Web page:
Running hot and cold…

Vineyard / Thursday, January 21st, 2021

I know for a lot of us 2020 felt like it dragged on for years. But here we are again talking about vintage 2021. And we’re heading towards the pointy end. A time of nervous excitement for grape growers and winemakers throughout the region.

For the sake of the newcomers to the blog (and as a reminder for everyone else), let me take you through what the next few weeks have in store.


If they haven’t already, then vines across the Adelaide Hills are about to head into the final stage of their development for this season.

(Officially it’s the second last stage. But I’m going to ignore “senescence” for the time being as that relates only to the vines and not this season’s grapes. And let’s be honest, it’s the grapes we’re most interested in right now!).

“Berry Ripening” begins with Veraison at E-L 35 and ends with Harvest at E-L 38. Take another look at this chart if you need a quick visual reminder.

This photo is courtesy of last week’s CropWatch report, showing Pinot Gris showing the first signs of colour.


Veraison (pronounced ver-ray-zon), is very much the turning point in a vine’s annual lifecycle. At this stage, the vine changes its focus from energy creation (via photosynthesis) to energy consumption. In other words, it uses all the energy it has been creating and storing throughout the season and puts it all into ripening the grapes ready to pick.

Specifically, veraison is defined as the stage at which three simultaneous but separate processes begin…

1. Each berry softens as the cells within the grapes begin to produce more juice and the skin becomes thinner.

2. Sugar starts to accumulate and acidity of the grape starts dropping away.

3. Colour starts to change – from green to red in red varieties and from green to translucent in white varieties.


Before veraison begins, the berries are still very small, hard, acidic and green (due to the presence of chlorophyll). At E-L stage 35, the vine starts to move its energy stores from the roots and leaves into the berries. The chlorophyll is converted to anthocyanins (in red varieties) or carotenoids (in white varieties), sugars and other compounds. Many of these compounds are the precursors to the flavours and aromas we can taste in the resulting wine.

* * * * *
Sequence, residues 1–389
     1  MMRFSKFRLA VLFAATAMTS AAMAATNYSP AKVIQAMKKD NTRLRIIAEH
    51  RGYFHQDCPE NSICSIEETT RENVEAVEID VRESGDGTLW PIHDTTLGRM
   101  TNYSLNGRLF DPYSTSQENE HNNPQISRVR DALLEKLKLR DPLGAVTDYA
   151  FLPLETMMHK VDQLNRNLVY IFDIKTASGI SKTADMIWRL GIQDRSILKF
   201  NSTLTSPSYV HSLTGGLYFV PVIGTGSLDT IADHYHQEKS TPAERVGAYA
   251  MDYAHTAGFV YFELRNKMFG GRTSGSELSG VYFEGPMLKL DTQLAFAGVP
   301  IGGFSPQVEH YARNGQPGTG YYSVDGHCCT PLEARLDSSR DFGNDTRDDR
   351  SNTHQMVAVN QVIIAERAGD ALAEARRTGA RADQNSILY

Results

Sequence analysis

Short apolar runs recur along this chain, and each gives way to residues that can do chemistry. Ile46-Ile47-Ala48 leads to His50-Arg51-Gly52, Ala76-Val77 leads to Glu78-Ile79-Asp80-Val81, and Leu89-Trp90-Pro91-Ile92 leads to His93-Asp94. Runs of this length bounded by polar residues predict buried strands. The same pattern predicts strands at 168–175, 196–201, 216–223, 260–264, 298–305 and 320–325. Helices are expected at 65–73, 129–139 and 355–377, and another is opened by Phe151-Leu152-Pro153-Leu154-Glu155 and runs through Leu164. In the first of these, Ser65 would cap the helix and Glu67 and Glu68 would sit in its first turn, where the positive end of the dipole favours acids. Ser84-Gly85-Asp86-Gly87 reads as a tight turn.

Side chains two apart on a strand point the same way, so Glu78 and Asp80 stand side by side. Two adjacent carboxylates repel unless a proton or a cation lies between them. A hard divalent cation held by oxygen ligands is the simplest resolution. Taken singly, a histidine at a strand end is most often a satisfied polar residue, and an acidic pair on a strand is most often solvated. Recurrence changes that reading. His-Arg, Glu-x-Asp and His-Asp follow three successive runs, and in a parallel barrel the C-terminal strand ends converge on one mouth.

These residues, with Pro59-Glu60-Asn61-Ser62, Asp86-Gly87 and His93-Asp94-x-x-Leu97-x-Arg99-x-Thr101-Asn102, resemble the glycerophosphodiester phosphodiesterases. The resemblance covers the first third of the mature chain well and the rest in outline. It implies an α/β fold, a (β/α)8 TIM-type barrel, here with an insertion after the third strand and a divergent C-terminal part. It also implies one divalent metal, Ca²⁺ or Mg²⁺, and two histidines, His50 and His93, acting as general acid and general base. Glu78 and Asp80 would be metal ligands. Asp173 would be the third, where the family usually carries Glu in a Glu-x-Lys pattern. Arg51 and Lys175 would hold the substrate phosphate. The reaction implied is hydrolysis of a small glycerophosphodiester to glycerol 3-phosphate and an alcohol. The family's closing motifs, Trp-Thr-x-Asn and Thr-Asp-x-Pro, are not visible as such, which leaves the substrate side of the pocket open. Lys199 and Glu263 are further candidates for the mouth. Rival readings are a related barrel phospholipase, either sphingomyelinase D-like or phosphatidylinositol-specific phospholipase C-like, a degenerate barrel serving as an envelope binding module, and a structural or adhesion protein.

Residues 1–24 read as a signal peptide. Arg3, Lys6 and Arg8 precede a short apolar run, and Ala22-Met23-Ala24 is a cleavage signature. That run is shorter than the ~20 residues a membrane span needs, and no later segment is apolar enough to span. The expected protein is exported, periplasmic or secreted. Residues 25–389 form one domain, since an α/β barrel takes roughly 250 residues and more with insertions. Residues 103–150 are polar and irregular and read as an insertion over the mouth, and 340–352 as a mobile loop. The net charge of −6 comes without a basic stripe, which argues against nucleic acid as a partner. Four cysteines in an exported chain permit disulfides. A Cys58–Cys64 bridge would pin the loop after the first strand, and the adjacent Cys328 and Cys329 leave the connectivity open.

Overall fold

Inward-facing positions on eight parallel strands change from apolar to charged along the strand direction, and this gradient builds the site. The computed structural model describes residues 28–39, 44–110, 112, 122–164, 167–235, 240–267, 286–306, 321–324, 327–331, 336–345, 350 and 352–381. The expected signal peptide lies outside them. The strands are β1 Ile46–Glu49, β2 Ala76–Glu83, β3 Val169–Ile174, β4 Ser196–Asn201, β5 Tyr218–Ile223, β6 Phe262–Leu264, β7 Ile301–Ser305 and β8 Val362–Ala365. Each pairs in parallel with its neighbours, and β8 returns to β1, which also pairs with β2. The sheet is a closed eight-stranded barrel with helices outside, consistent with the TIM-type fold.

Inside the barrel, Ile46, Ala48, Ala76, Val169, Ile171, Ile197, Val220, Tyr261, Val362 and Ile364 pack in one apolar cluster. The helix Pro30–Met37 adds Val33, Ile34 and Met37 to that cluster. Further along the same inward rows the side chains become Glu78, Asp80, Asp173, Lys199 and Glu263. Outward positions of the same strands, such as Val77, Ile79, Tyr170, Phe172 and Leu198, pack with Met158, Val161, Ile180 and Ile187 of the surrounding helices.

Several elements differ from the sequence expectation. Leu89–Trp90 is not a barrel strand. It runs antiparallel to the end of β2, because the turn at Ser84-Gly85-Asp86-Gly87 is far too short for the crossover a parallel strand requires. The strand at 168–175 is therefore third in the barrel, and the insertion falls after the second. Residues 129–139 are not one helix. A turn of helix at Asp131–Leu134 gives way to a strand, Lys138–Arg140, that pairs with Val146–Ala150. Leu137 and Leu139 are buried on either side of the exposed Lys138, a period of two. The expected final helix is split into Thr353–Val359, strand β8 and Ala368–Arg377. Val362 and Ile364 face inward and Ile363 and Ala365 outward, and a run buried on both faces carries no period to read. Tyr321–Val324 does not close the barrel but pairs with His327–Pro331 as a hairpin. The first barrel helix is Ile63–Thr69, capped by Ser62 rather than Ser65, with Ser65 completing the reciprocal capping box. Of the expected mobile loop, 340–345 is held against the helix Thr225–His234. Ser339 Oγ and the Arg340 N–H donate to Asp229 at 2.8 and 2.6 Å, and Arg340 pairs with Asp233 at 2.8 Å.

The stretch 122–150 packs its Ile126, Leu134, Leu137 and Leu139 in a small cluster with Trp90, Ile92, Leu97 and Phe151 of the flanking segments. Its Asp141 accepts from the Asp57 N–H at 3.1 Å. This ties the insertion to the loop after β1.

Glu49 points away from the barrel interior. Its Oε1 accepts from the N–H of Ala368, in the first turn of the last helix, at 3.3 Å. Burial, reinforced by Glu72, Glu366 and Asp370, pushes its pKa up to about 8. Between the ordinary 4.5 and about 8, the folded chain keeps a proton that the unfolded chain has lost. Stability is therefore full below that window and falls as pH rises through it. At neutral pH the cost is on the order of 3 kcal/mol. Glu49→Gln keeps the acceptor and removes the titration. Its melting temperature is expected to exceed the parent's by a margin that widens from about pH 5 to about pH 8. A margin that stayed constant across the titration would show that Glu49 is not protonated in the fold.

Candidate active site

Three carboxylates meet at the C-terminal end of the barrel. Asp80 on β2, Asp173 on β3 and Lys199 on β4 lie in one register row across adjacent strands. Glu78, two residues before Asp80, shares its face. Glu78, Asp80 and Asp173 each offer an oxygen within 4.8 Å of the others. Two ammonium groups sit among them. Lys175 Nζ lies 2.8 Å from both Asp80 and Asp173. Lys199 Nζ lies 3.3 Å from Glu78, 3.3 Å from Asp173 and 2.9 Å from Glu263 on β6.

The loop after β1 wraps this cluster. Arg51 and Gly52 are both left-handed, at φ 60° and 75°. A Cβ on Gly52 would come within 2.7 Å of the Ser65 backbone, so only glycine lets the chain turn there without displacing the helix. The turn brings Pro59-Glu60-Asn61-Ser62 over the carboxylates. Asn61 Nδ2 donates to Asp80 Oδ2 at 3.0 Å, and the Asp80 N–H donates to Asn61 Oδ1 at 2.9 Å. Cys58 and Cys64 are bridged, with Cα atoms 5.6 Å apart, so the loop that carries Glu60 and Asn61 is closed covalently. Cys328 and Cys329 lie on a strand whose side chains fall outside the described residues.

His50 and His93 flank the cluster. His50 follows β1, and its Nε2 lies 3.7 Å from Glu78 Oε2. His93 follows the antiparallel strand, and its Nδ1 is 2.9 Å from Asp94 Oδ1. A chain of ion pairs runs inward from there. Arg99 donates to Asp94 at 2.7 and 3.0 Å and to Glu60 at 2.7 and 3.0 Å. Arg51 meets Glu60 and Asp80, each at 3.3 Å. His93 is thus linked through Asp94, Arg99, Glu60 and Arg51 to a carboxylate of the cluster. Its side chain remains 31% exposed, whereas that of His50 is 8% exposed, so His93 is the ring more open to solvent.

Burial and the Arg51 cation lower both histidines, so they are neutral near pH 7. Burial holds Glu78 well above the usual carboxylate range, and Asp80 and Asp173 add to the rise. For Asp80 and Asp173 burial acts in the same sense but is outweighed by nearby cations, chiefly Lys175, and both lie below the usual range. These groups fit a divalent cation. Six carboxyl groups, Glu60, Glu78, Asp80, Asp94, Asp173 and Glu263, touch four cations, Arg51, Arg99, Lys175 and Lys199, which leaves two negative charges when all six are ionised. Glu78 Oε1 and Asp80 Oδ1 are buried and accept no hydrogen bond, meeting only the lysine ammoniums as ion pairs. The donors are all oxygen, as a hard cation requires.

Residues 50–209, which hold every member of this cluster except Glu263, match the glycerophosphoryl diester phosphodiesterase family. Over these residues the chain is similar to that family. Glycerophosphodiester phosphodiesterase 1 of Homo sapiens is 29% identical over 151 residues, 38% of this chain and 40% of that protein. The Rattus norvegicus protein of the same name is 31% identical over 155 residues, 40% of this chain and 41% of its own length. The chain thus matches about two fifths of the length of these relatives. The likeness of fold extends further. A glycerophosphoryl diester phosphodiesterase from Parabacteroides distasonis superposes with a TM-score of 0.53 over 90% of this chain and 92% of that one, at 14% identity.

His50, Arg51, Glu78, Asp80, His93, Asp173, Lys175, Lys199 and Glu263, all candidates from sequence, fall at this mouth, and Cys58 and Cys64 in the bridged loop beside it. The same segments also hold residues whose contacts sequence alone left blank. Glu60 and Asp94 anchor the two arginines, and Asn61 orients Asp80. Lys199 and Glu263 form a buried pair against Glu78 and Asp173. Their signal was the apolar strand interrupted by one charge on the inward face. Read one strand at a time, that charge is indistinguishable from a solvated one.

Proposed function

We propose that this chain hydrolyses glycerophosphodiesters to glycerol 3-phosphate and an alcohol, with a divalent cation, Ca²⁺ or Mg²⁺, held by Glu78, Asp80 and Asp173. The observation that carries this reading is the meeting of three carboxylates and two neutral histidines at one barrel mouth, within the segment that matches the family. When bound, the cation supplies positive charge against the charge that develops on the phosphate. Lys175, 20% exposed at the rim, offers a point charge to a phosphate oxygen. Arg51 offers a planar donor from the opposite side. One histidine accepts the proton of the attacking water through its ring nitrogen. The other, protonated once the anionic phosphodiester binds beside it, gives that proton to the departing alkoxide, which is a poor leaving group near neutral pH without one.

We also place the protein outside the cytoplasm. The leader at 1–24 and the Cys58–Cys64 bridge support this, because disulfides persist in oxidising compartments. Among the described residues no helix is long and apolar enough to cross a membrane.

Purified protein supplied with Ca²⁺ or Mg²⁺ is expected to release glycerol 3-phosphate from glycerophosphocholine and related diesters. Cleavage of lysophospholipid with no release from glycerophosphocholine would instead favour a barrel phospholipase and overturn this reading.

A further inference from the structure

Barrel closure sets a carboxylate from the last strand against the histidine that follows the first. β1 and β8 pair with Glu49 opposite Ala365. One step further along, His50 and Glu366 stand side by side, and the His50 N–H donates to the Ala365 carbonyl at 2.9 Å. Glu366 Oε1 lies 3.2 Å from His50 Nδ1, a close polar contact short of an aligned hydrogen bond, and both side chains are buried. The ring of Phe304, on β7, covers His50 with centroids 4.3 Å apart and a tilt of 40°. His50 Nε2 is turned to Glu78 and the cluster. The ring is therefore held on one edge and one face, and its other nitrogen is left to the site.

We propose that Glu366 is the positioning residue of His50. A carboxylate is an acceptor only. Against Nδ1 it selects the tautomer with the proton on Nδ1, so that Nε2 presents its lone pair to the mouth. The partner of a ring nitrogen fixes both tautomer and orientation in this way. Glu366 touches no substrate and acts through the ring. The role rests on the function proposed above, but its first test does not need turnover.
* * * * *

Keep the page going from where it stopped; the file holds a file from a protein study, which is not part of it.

Following the onset of veraison, the ripening process then takes anywhere from 30–70 days for the grapes to become fully ready to make wine. The grapes still have a lot of growing up to do during that time. In fact, each berry will double in size between now and when they are picked.




This summer has been weird! 

While I’m never one to complain about having to light the fire at the cellar bar, I don’t think I’ve ever had to do in January! I took this photo last weekend…

And now this weekend we’ll be cranking the air-conditioning to high with a couple of close to 40 degree days predicted.

So, what effect has this been having on the vines?

I’m happy to report that the answer is… not a great deal.

Luckily the hot weather we’ve had (and are about to have) hasn’t quite reached the BOM criteria for a heatwave (“when maximum and minimum temperatures are unusually hot over a three-day period”). Temperature about 35 degrees do however force vines to shut down photosynthesis to conserve moisture. Once that’s happened, it takes the vines another 24 hours to recover back to full activity.

So, it just slows things down a bit.

And cold weather does that too.

Having said that though, it currently looks like this vintage is further advanced than this time last year. However, not quite as advanced as the couple of warm seasons we had back in the mid-2010s.

We’ll have to wait and see what the next few weeks has in store weather-wise. BUT… what we don’t want now is either:

1. a significant heatwave which will cause soil moisture stress and sunburn of the leaves and bunches


2. a heap of rain which will cause the berries to split and make them more susceptible to disease.

Come on 2021… we know you can do better than 2020!!

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